A Snow Day Sermon

“Beloved" - a Farm Church Snow Day Sermon

Then Jesus came from Galilee to John at the Jordan, to be baptized by him. John would have prevented him, saying, “I need to be baptized by you, and do you come to me?” But Jesus answered him, “Let it be so now; for it is proper for us in this way to fulfill all righteousness.” Then he consented. And when Jesus had been baptized, just as he came up from the water, suddenly the heavens were opened to him and he saw the Spirit of God descending like a dove and alighting on him. And a voice from heaven said, “This is my Son, the Beloved, with whom I am well pleased.”  (Matthew 3:13-17)

Today is Epiphany Sunday, and on the church calendar, we are in the season of Epiphany.  The word, “Epiphany” means “revelation.”  And I don’t know about you, but I’m pleased that in our tradition, we have a season devoted to such a thing—a season of revelation.  So friends, welcome to this season of Epiphany—welcome to this season of revelation in the life of the Church and, (who knows?) perhaps in your own life as well.

Epiphany usually finds us continuing in the gospel stories after Jesus’ birth.  And so, once again, we find ourselves visiting once again with John the Baptist, that eccentric preacher who roamed the countryside wearing camel’s fur and eating bugs dipped in honey.  Only this time, the part of the story we’re focused on is Jesus’ baptism—a baptism that, when we stop and think about it, may leave us longing for some sort of epiphany.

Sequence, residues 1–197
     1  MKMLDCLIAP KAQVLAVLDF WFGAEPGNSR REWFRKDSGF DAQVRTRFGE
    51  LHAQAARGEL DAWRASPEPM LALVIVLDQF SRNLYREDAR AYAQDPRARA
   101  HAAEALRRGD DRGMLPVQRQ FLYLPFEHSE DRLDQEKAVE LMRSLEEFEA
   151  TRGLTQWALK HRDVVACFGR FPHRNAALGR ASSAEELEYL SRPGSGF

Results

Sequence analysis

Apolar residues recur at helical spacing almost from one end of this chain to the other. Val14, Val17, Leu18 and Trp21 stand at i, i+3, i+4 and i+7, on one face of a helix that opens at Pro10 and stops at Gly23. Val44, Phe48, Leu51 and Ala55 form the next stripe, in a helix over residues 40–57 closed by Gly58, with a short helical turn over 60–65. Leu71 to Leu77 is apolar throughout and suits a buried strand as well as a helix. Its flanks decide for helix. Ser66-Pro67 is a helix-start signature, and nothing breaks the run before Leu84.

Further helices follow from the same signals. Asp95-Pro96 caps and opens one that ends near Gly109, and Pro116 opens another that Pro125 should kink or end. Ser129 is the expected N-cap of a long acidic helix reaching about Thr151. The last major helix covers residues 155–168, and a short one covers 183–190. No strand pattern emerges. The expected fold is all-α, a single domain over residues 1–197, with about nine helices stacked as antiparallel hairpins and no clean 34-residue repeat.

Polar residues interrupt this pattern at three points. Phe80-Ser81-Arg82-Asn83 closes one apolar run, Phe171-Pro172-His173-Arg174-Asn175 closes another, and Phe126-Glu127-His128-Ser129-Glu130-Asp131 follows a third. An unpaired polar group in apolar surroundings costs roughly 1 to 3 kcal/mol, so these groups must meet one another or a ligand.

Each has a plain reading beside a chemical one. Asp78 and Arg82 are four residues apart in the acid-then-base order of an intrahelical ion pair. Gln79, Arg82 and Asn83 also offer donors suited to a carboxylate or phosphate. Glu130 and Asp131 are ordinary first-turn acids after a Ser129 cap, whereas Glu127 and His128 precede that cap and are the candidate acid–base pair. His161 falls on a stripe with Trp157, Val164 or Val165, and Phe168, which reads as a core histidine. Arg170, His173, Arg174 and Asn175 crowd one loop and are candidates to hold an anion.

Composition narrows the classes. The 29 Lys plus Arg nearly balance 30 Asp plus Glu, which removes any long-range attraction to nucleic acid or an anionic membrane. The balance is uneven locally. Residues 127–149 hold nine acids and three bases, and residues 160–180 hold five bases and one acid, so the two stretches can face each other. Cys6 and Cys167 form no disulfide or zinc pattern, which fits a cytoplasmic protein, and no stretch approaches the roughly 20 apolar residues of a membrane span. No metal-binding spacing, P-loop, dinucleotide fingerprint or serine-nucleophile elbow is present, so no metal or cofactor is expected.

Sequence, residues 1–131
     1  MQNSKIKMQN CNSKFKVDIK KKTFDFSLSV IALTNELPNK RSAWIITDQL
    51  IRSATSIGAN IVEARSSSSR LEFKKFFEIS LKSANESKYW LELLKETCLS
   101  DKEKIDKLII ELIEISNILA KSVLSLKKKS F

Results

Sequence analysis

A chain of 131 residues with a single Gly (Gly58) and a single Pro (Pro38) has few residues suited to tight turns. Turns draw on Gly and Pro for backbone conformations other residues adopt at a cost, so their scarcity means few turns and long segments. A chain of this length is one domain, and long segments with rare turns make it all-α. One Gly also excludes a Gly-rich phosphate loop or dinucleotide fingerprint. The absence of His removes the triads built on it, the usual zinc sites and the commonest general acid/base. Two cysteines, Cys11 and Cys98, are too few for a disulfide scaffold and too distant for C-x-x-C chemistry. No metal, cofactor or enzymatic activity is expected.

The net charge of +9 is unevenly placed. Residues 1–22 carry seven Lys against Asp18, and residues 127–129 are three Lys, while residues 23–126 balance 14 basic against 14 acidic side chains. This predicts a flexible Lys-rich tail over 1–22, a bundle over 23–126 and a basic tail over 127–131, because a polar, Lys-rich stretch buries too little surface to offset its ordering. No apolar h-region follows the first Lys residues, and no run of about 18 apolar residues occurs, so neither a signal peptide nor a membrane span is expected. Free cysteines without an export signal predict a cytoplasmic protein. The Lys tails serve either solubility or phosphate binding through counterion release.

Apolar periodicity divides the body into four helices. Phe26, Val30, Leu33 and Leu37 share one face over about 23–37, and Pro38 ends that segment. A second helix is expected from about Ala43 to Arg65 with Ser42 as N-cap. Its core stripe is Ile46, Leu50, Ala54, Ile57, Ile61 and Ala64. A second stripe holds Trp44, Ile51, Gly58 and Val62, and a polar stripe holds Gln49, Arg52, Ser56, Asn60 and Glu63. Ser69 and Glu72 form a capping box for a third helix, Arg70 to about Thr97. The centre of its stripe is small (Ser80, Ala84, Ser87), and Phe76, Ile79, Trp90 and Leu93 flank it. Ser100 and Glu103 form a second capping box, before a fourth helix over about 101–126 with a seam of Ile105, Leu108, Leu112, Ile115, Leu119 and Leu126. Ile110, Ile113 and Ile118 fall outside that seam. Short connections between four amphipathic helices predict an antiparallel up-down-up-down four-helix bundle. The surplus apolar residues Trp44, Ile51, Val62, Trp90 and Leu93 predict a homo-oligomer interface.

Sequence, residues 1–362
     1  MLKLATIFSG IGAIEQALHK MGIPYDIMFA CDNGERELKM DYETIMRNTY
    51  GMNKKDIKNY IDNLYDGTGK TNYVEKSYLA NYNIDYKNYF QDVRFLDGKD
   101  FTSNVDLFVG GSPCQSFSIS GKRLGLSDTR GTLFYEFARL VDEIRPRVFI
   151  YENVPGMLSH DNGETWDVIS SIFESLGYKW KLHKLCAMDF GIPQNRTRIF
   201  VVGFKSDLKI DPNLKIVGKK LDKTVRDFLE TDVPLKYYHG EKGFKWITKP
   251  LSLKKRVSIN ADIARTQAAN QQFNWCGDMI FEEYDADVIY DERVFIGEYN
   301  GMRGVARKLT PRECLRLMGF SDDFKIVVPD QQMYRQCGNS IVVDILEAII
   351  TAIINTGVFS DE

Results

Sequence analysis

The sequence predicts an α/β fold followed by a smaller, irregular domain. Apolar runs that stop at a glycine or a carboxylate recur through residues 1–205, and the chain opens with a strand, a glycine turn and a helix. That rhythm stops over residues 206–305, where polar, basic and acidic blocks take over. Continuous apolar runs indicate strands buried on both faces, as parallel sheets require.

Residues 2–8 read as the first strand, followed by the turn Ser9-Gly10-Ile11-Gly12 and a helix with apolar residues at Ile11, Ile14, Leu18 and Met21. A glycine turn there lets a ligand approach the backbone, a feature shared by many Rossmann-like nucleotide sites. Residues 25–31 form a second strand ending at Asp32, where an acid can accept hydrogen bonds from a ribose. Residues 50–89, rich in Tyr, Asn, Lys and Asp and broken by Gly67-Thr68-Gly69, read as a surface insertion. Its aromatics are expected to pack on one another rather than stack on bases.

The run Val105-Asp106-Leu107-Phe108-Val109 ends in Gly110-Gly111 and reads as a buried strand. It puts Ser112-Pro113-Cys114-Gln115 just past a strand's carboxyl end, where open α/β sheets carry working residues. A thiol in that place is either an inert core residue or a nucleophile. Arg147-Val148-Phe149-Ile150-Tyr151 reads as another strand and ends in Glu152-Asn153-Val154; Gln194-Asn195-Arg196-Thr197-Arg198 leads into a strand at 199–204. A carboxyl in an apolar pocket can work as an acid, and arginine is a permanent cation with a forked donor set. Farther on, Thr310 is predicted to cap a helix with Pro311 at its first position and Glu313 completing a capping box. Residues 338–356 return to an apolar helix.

Why was Jesus baptized?  Did you ever wonder about that?  According to Mark’s gospel, “Jesus came form Nazareth of Galilee and was baptized by John in the Jordan.”  But why?  Why do you think it is that Jesus gets baptized?

You know, sometimes the CEO of a big company will come down on the factory floor, roll up his or her sleeves, and stand with the workers on the assembly line, running a drill press or something like that.  It’s a photo op, really, isn’t it?  A chance for the CEO to say to the workers on that one particular day, “See?  I’m just like you.  Working here with you…”  Is that what Jesus was doing?

We see presidents and governors and other dignitaries do this from time to time, don’t we?  Have the staff schedule a chance for them to do some work with the common folk—maybe flip a few pancakes at a Boy Scout fundraiser, or maybe pile up some sandbags at a flood-threatened home in Louisiana, basically to say to the people, “Hey, look at me—I’m with you.  I’m on your level!”  Is that what Jesus was doing at his baptism?

Was Jesus’ baptism essentially a photo opportunity?  Was Jesus thinking, “Well, I don’t really need to get baptized right now, but you know, for the good of the people—to show them that I’m one of them, I really ought to go through with this.”  I’d venture to say that most of the time, this isn’t a question we bring to this particular story in Scripture:  Did Jesus Christ need to get baptized?